Five hours of physical activity per week is best: study
Story by Kristin Bernhard
Five hours of exercise per week can reduce the risk of developing cancer, including breast cancer, in post-menopausal women, according to an Alberta Health Services (AHS) research study.
Body fat, abdominal fat and adult weight gain have been associated with increased risk of postmenopausal breast cancer. Five years ago, Dr. Christine Friedenreich and her colleagues launched the Breast Cancer and Exercise Trial in Alberta (BETA) – the first study that attempted to pinpoint exactly how much exercise is required by post-menopausal women to reduce their risk of breast cancer.
“Postmenopausal women who exercised 300 minutes per week were better at reducing total fat and other measures, especially obese women, during a one-year clinical trial, and reduced body fat can mean a reduced risk of cancer,” says Dr. Friedenreich, scientific leader of cancer epidemiology and prevention research at AHS.
The study is an extension to the ALPHA (Alberta Physical Activity and Breast Cancer Prevention) trial, which found previously inactive post-menopausal women can lower their risk of breast cancer by following a moderate- to vigorous-intensity exercise program. That study found that several biomarkers associated with breast cancer were significantly reduced in women who followed the exercise program compared to the controls who did not exercise.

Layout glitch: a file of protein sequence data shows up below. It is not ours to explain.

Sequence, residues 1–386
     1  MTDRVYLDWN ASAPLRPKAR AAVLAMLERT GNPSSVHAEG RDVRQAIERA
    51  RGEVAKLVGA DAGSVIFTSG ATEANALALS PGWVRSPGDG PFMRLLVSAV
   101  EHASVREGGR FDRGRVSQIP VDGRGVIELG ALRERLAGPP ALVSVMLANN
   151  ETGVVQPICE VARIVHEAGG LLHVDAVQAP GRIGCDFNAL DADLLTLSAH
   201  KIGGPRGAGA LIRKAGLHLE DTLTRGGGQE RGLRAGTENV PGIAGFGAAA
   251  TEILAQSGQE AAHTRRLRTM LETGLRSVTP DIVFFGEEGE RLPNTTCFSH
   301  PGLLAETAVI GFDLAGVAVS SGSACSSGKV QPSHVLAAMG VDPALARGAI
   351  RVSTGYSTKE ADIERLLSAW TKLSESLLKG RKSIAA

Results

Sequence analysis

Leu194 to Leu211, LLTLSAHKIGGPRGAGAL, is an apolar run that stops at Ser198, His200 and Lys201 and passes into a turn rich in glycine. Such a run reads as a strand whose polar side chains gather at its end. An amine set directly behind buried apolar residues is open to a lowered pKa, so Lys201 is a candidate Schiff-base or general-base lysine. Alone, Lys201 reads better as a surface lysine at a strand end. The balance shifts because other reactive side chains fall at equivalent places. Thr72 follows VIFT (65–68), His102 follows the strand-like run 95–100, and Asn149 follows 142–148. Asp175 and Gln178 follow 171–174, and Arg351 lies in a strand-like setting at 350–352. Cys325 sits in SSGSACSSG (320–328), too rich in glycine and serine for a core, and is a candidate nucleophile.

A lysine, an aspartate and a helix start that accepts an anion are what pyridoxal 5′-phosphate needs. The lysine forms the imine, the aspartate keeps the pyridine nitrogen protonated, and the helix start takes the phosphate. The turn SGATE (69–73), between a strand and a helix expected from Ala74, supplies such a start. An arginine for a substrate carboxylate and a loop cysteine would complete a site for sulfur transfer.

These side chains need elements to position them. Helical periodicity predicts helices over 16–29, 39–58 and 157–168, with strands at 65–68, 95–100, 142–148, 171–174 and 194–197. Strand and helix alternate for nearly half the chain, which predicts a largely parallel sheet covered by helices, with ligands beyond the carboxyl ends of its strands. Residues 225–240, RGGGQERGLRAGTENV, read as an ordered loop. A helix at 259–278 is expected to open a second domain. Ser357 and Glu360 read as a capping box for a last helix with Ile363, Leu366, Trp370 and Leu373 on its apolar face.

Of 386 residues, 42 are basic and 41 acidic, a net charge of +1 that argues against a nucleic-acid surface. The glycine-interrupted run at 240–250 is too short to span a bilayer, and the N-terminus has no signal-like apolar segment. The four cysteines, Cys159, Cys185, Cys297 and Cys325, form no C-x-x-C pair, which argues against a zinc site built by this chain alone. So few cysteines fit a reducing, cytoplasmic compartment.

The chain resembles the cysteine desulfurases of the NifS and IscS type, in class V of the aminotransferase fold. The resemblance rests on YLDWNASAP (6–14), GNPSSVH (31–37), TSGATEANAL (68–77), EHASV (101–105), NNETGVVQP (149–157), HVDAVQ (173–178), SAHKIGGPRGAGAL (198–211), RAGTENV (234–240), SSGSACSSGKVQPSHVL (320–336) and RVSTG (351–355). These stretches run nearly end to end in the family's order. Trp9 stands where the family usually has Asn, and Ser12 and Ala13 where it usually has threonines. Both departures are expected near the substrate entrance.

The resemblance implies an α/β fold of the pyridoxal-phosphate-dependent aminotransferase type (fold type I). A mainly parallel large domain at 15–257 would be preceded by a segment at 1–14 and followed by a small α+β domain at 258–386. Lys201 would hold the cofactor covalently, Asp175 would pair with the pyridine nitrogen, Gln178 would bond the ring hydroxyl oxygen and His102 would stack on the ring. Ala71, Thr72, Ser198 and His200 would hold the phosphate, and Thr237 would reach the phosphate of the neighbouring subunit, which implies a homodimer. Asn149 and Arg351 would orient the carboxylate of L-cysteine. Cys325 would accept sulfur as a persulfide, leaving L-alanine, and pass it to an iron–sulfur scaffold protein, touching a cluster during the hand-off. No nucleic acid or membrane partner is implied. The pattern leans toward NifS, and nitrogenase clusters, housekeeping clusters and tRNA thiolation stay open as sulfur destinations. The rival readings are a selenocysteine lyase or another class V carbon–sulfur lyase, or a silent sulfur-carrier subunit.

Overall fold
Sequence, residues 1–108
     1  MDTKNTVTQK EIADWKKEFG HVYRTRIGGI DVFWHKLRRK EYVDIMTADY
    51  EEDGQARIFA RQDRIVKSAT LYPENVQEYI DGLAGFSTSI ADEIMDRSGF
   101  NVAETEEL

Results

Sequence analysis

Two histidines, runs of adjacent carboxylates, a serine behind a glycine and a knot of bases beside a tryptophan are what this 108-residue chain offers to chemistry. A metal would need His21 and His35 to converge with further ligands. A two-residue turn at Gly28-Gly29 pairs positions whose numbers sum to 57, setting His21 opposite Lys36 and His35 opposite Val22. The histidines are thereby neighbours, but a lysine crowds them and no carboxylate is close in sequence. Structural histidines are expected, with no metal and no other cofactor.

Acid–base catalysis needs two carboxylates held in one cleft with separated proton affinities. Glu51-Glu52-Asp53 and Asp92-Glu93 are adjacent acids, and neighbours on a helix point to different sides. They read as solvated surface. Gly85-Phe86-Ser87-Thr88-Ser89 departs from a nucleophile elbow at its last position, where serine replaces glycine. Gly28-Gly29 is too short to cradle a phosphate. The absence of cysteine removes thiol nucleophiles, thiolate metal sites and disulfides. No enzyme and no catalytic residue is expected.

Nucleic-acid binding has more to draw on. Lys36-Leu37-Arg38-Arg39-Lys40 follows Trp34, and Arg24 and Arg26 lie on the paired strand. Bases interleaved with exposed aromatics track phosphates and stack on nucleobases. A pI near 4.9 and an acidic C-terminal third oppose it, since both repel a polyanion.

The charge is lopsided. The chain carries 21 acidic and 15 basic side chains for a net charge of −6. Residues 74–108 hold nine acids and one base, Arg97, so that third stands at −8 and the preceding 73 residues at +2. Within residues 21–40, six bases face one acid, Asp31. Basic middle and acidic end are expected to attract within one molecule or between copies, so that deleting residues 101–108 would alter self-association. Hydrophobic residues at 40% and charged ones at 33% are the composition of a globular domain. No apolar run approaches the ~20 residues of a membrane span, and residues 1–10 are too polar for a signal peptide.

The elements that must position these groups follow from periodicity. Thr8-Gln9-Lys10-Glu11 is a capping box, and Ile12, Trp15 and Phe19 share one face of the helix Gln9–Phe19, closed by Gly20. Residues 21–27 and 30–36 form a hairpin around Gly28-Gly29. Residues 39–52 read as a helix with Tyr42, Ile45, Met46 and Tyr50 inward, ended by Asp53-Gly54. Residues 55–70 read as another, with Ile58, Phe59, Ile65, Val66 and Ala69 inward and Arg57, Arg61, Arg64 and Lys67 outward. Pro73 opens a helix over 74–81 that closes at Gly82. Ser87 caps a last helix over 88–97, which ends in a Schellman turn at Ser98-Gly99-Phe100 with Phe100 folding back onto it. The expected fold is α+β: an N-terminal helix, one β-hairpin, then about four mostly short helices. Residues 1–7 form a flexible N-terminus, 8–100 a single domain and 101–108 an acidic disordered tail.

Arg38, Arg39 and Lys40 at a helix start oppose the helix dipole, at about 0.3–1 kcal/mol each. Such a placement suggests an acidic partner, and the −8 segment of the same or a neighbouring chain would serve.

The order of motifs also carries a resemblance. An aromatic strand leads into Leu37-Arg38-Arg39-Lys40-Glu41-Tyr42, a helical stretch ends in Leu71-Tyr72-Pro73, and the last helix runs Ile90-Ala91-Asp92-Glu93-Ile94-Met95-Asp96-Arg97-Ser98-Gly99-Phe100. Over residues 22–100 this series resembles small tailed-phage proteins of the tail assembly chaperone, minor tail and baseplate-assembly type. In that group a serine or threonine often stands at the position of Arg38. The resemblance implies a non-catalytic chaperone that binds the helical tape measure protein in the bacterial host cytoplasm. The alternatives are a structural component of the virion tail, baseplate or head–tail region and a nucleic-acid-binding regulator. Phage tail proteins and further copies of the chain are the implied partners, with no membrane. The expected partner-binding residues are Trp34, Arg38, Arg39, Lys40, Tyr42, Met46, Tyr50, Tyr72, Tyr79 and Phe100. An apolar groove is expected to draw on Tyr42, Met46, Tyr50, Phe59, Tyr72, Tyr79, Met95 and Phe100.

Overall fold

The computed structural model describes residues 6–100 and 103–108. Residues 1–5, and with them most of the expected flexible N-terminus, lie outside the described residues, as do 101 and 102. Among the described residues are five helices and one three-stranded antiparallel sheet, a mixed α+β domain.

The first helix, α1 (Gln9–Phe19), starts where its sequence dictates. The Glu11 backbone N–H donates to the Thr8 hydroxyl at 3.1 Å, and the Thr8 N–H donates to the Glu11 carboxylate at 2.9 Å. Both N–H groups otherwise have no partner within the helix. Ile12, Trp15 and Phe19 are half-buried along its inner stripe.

In the BETA trial, participants were randomized into two specific groups that were asked to do either 150 or 300 minutes of aerobic exercise per week. Tests and measurements were taken at the beginning and end of the year-long exercise intervention and compared across the two groups. Several breast cancer biomarkers – including levels of body fat, estrogen, insulin resistance and inflammation – were also examined.
Reporting in JAMA Oncology, Friedenreich found that the women exercising 300 minutes weekly lost one kilogram — about 2.2 pounds — more body fat than those in the 150-minute group. Much larger changes in several components of body fat were observed in the 300-minute weekly group, particularly among obese women (with a body mass index over 30).
“Exercise can cause body fat to drop which is especially important for cancer of the breast since fatty tissue is the primary source of hormones that can drive breast cancer after menopause,” says Dr. Friedenreich.
“For cancer prevention, doing 150 minutes of activity a week is good, but 300 minutes is better. Being physically active is a powerful way to reduce your risk of getting cancer. The evidence is especially strong for some of the most common cancers in Alberta such as breast cancer.”
Research shows that women who have been through menopause are about 25 per cent less likely to develop breast cancer if they are physically active.